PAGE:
Working with Polarities

It’s been said that the world is divided into people who think they’re right. In what seems to be a time of increasing polarisation, it’s easy and natural to see polarities in oppositional terms – as adversarial. It is therefore increasingly important in these times to see polarities as complementary and interdependent (thanks to Ilene Wasserman – see below).

How often, when hearing a different point of view, do we immediately seek to share our own perspective? Is it possible that there is a solution that incorporates both perspectives? To find such a solution, we must move from either/or to both/and.

Think of an issue of concern to you. It could be social, political, environmental – or it might be a situation at work where you disagree with a colleague, boss, client or customer, or team member. Rather than picking something that seems impossible to solve, start with something you think might be possible to create – such as a more harmonious and engaged work team.

Have an issue or problem in mind? Try these steps:

  1. How could you describe the issue in such a way that both of you would agree to what you’ve said? (Thanks to Jonathan Foust for this idea.) What is the fundamental common ground here: do you both want to feel safe? To be at ease and at peace with yourself and others? Find this before moving to the specifics of the issue.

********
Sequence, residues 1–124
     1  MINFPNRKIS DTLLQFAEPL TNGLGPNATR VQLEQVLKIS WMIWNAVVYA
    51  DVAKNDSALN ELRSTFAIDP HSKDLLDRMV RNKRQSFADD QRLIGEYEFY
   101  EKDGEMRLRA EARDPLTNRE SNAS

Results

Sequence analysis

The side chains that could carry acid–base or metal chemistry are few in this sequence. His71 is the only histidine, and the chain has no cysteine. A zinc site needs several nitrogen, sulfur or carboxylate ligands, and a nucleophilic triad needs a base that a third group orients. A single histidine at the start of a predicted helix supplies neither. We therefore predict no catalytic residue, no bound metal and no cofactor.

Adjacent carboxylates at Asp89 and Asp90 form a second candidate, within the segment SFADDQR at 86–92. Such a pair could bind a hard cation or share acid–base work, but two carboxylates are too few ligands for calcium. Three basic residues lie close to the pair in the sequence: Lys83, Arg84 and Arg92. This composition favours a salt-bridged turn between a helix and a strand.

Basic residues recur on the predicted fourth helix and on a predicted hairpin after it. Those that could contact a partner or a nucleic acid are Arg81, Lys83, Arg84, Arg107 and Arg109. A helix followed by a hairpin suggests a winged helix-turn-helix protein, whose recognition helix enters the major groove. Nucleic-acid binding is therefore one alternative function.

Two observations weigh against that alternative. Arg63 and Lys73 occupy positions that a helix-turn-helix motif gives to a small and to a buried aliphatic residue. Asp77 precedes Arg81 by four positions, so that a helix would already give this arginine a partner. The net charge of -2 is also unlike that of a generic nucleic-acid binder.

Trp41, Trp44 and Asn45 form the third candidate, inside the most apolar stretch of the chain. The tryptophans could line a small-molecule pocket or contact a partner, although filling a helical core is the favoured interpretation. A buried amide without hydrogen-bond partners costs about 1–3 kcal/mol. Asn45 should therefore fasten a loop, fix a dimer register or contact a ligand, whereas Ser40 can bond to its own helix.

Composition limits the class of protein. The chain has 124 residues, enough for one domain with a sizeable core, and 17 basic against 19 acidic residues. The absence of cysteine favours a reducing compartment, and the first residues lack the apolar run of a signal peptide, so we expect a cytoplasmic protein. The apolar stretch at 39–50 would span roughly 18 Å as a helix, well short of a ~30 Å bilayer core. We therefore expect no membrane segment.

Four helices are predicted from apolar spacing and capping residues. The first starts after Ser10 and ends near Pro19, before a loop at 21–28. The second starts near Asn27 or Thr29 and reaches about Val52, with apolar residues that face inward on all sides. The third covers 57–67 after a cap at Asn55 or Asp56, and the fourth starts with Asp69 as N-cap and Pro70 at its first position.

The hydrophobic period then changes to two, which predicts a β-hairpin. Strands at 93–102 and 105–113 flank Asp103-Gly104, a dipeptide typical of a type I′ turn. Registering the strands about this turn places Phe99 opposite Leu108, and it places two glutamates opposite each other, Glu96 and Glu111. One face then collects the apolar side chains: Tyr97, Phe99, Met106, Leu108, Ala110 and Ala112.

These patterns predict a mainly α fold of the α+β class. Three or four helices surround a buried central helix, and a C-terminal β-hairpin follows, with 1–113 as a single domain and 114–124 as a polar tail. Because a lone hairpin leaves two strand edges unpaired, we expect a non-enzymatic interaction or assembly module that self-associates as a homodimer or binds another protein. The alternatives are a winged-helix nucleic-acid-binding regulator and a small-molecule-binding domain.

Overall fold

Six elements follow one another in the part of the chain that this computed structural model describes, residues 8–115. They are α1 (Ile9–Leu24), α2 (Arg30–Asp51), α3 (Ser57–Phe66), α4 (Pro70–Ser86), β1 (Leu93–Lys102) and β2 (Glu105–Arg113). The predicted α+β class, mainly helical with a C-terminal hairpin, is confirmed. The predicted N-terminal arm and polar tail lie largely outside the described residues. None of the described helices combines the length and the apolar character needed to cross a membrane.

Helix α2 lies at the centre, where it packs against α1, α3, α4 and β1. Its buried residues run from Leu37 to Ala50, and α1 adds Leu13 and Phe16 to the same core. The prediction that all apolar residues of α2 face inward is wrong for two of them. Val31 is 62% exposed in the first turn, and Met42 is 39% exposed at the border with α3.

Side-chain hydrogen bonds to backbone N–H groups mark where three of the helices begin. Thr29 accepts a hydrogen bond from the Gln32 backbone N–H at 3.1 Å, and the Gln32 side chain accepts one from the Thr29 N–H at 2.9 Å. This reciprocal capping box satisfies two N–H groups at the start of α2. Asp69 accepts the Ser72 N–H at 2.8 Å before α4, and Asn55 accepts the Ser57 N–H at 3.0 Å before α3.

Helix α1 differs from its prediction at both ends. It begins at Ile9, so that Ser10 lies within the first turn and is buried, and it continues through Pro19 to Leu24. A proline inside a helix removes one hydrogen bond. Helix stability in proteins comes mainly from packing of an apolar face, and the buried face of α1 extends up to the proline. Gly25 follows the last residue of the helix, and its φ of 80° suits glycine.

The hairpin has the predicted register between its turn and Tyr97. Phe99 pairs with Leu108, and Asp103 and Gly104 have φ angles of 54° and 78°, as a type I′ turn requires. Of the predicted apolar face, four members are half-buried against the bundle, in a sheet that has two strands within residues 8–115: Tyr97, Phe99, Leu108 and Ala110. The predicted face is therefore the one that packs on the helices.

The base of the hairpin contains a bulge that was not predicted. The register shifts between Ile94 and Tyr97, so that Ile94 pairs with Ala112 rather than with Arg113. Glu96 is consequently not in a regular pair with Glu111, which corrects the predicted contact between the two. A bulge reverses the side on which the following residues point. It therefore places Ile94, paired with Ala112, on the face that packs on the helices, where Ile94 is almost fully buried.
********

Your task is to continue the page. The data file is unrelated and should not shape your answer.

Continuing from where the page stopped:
2. Try to imagine, even for a few moments, being in a place of pure inquiry – put yourself next to the other person and look at the issue or problem with them.
  3. Try going a step further and describe to someone else how the other person sees the issue or problem.
  4. Can you imagine or envision a future in which these perspectives can co-exist, even be mutually beneficial?
  5. Now describe how this future could work from the perspective of the other.

We all have limited perspectives. Our ability to solve problems – whether in the workplace, or globally – is only enhanced when we work together. It’s possible — indeed necessary — to address issues of power and privilege and equity and inclusion, environmental sustainability and economic sustainability; global disarmament and global security……if we have the courage to let go of being right, and step into the possibility of both/and.

With thanks for the work of Ilene Wasserman in Appreciative Inquiry:; the work of Jonathan Foust in Body-Centered Inquiry:; and the Centre for Global Inclusion’s DEI Futures Project:

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